Some people worry that the trigger will be public-sector cuts. I think this is misplaced. Less than a third of the rise in total employment from 1997 to 2008 was in the public sector. From 1991 to 1998, public-sector employment fell 816,000 but overall employment rose more than 600,000. Public-sector jobs will not be cut overnight.

The most likely prospect is that unemployment will continue to rise but at a progressively slower rate. Logically, the jobless total should increase more slowly as the economy recovers but not stop rising until the economy is growing at or above its trend rate. That will take a while but should keep the peak below 3m.

The most optimistic outcome of all would be that unemployment is close to its peak. Under this scenario employers, fearing something worse than has happened, have found themselves short of workers and could have begun to hire again. Maybe the economy did bottom out in the spring, as some of the surveys suggested.

We are unlikely to have seen the peak in unemployment in all probability it still has significantly further to rise. But the fact that it is even worth thinking about shows how far we have come from the all-pervading gloom of a few months ago.

PS: I'm getting a bit worried about markets. My former colleague John Cassidy has written a book How Markets Fail, out next month. Roger Bootle, founder and head of Capital Economics, has just pipped him with The Trouble With Markets, out last Thursday. We shared a platform the other day to talk about it.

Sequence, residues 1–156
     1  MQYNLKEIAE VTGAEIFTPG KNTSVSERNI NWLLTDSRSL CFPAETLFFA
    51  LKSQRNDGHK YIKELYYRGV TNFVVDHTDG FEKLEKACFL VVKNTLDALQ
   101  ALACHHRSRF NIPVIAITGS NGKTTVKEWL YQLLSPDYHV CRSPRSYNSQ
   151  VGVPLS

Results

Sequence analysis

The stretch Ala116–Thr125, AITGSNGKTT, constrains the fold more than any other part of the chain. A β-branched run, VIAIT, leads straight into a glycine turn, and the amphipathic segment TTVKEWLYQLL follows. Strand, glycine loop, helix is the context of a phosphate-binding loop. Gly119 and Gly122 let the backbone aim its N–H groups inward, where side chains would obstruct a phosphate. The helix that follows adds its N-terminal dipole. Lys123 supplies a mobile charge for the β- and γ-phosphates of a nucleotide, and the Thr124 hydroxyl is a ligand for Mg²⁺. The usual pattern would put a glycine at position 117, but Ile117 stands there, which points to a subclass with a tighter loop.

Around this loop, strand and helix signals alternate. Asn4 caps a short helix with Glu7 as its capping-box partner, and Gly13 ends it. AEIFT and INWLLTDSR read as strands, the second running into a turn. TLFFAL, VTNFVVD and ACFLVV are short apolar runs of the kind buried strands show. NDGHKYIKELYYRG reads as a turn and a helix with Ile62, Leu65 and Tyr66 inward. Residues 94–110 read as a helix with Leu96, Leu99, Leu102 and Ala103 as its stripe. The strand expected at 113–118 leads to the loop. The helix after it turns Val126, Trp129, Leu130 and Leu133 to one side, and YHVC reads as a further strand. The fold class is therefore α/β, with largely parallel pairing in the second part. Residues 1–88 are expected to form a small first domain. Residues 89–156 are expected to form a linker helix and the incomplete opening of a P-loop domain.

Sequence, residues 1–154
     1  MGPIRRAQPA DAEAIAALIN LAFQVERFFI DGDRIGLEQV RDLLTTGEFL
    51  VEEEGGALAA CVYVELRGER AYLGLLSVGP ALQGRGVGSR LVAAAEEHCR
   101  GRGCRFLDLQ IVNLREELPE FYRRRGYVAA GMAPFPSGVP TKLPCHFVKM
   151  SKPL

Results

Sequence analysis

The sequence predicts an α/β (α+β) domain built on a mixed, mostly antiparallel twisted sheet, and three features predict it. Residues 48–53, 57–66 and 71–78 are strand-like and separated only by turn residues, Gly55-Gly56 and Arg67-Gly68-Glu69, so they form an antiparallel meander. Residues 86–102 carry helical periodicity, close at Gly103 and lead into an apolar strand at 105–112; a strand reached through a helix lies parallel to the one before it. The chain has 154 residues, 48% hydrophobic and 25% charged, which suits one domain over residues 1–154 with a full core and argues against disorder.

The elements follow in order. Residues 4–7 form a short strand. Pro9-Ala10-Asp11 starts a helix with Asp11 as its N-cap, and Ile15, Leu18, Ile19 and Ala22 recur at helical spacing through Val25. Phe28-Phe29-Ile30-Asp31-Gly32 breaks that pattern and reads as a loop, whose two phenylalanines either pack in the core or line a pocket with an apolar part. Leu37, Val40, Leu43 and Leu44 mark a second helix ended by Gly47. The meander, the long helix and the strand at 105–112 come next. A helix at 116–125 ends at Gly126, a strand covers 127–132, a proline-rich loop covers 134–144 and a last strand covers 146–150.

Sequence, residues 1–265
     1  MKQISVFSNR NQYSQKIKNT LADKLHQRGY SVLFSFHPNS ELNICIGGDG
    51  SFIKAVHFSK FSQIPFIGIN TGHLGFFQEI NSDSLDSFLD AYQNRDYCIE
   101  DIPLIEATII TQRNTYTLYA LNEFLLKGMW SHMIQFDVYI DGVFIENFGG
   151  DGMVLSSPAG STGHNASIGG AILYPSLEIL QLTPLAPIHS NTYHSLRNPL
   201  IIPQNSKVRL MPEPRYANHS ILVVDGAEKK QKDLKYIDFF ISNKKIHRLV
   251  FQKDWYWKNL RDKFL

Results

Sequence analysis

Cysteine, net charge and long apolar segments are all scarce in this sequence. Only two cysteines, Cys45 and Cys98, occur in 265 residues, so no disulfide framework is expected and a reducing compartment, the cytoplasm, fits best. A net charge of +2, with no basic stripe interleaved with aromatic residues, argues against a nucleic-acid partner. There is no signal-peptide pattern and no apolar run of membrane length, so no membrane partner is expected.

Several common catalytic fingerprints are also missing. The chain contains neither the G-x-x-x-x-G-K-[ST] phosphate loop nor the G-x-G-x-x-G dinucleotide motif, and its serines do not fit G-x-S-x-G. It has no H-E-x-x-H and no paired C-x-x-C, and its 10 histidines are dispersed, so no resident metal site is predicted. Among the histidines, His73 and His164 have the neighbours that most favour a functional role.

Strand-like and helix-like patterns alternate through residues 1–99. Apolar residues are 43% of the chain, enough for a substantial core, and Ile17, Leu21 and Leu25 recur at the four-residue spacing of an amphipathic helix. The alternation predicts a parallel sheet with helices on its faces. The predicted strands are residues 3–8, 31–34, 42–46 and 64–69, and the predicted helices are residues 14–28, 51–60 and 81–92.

What he calls the Great Implosion was, he says, "the result of a financial sector grown too big, too greedy, too easily drawn to the fabrication of illusory wealth and too devoted to the distribution of the proceeds, rather than the financing of wealth creation".

While confessing he is longer on analysis than solutions, Bootle has some recommendations. Central bankers should focus on achieving inflation targets in the medium term, not all the time, allowing them to burst asset bubbles. Governments should aim for debt of no more than 20% of GDP in good times, as insurance against the fiscal effects of crises.

One way of preventing financial markets from inflicting short-termism on corporate behaviour would be to bar short-term shareholders from receiving dividends. As for making the City safer, he is drawn to the era before the Big Bang of 1986. Partners then were careful not to bet the company by taking excessive risks because it was their own money at stake. Happy days.

From The Sunday Times, October 18 2009